After Massachusetts voters passed a ballot initiative on Tuesday legalizing the use of marijuana for medical purposes, I’m wondering how the law will be implemented, as my colleague Chelsea Conaboy details the challenges in today’s Globe.
The state’s Department of Public Health will follow the lead of other states and require patients to get a physician’s approval to apply for a medical marijuana identification card. This card will enable them to obtain and possess a certain amount of the drug from a state dispensary if they have a debilitating condition.
How easy it will be to obtain such a card and how many dispensaries the state will allow to open, however, remain unknown. And whether the state will ensure quality control and standardization of products sold in these dispensaries also is uncertain. State health officials also need to define which conditions are debilitating enough to constitute pot use.
In Colorado, college students have no trouble getting a card and getting as much pot as they need at one of the more than 1,000 dispensaries scattered throughout the state. (They’ll probably have an even easier time now that Colorado along with Washington passed a ballot measure on election day to legalize the drug for all adults over age 21.)
Dr. Lauren Smith, interim commissioner for the Department of Public Health, said in a statement on Wednesday that “the Department will work closely with health care and public safety officials to develop smart and balanced policies and procedures over the coming months. We will work carefully, learn from other states’ experiences and put a system in place that is right for Massachusetts.”
In other words, they haven’t figured out exactly how the system is going to work.
Part of the dilemma centers around determining whether marijuana, or cannabis, is a legitimate medicine or whether it’s just a mind-altering substance that—like alcohol, caffeine, or herbal remedies such as St. John’s Wort—is safe enough for consumers to figure out on their own how much of a dose they can tolerate.
Dr. David Bearman, a pain management physician from Santa Barbara, Calif., who treats patients with marijuana, told me he’d like Massachusetts to take the former approach, treating pot as a pharmaceutical that’s dispensed in places that have some form of quality control to ensure standardized doses. Some states require physicians to be in charge of these dispensaries, but Bearman said most don’t require any medical practitioner to be on hand to discuss doses and side effects with patients.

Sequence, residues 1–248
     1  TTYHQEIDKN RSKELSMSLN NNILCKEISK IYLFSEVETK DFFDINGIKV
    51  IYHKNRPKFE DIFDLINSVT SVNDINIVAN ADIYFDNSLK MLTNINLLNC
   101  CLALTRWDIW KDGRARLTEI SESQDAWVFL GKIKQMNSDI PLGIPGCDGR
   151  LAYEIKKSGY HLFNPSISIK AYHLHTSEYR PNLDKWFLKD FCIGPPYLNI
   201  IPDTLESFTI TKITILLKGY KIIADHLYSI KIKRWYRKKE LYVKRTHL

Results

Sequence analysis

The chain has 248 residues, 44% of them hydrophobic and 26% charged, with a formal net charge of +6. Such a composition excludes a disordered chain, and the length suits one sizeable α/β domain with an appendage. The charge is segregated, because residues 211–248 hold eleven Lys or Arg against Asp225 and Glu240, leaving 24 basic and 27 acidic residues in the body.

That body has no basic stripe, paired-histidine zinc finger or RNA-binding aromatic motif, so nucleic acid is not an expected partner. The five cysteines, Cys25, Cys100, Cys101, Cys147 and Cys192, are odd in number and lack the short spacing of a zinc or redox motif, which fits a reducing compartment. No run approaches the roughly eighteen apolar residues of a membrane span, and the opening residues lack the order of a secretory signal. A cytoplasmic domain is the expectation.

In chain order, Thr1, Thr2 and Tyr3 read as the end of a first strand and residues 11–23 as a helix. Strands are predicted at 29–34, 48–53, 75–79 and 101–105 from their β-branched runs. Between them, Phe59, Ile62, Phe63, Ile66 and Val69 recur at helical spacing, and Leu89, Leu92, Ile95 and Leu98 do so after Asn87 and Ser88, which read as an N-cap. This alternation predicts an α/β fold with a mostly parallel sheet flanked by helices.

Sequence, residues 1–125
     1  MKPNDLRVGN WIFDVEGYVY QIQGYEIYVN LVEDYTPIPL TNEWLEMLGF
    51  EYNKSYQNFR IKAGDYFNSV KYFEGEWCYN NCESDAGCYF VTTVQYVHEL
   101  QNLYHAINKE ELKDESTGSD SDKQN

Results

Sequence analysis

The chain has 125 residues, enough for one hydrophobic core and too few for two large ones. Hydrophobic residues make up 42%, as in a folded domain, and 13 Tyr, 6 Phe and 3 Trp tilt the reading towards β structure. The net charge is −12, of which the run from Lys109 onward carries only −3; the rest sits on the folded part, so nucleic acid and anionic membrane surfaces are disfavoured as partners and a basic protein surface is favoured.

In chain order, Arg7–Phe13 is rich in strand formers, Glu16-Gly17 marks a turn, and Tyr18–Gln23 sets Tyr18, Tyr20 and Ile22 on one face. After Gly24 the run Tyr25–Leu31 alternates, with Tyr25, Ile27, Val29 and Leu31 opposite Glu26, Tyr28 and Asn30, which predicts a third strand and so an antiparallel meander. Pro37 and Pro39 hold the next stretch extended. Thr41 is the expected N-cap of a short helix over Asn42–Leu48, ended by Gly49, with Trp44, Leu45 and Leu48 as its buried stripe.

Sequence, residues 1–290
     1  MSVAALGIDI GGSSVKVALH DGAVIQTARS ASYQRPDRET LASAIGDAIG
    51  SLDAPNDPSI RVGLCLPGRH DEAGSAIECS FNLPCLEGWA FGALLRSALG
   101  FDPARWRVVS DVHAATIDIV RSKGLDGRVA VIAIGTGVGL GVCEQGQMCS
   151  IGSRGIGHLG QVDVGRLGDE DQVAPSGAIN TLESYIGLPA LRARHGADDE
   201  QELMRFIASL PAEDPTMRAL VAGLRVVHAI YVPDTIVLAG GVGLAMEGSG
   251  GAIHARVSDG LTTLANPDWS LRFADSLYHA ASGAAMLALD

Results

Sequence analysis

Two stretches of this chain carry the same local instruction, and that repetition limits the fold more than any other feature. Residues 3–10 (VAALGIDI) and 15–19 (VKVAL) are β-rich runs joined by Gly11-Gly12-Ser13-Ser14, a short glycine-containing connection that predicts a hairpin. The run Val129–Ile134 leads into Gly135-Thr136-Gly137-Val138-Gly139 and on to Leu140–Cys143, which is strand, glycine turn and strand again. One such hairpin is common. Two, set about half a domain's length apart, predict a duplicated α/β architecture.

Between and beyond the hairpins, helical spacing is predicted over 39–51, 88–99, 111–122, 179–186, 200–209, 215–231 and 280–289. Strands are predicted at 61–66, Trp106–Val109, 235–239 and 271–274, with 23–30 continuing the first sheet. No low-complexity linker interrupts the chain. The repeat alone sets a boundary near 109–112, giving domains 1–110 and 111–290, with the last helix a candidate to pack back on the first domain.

“I’m not sure if a doctor needs to be in charge but a nurse practitioner or pharmacist would help ensure higher quality,” he said.
For more than a decade since California first legalized medical marijuana, Bearman has been advising patients on how to use various cannabis products—that are swallowed, smoked, vaporized, or rubbed on the skin. Most are seeking pain relief, but others have glaucoma, nausea, muscle spasms or a host of other conditions. He gets frequent referrals from primary care physicians who are nervous about signing off on the medical cards.
As president of the American Academy of Cannabinoid Medicine, Bearman advocates for physicians who sign approvals for their patients to use marijuana to receive several hours of continuing medical education training and accreditation before they start treating patients with what he considers to be a very effective drug for pain relief.
For example, Bearman has found in his experience that patients may need a higher dose to relieve pain than to relieve nausea from cancer treatments. And certain preparations have different levels of active ingredients such as CBD and THC. Some patients experience no high from the drug, while others have some euphoria, and still others may have too much euphoria or negative experiences such as paranoid feelings that would require them to use a different preparation.
“As a pain doctor I may tell a patient to take 1 or 2 tablets of hydrocodone three or four times a day, depending on their level of pain” and whether the pills make them feel queasy or drowsy, explained Bearman. “Whether they take 30 milligrams a day or 80 mg. depends on them.” That same concept also applies to making recommendations on using medical marijuana, which he believes is less habit-forming and presents fewer health risks than opiate painkillers.
But first doctors have to make sure patients are appropriate candidates. “We encourage physicians to spend at least 40 minutes with a first-time patient to evaluate their condition and symptoms,” Bearman said. “I spend at least an hour with mine.”
He also turns away many college students—the University of California, Santa Barbara is three miles from his office—who call his office describing vague symptoms such as loss of appetite or insomnia in an effort to obtain a marijuana card.
No doubt, some doctors in the state will refuse to issue approvals for marijuana card. The Massachusetts Medical Society staunchly opposed the ballot question, and medical research showing the safety and effectiveness of marijuana used for medicinal purposes is lacking. Just to illustrate one example: Medical marijuana has been purported to be an effective treatment against post traumatic stress disorder by Bearman and others. But a quick literature search revealed a paucity of evidence on whether it really works.
Animal studies like this one and a few anecdotal case reports like this one suggest that cannabis reduces anxiety associated with PTSD, but researchers have delved more into the increased likelihood to abuse marijuana that occurs in those who have been diagnosed with the condition.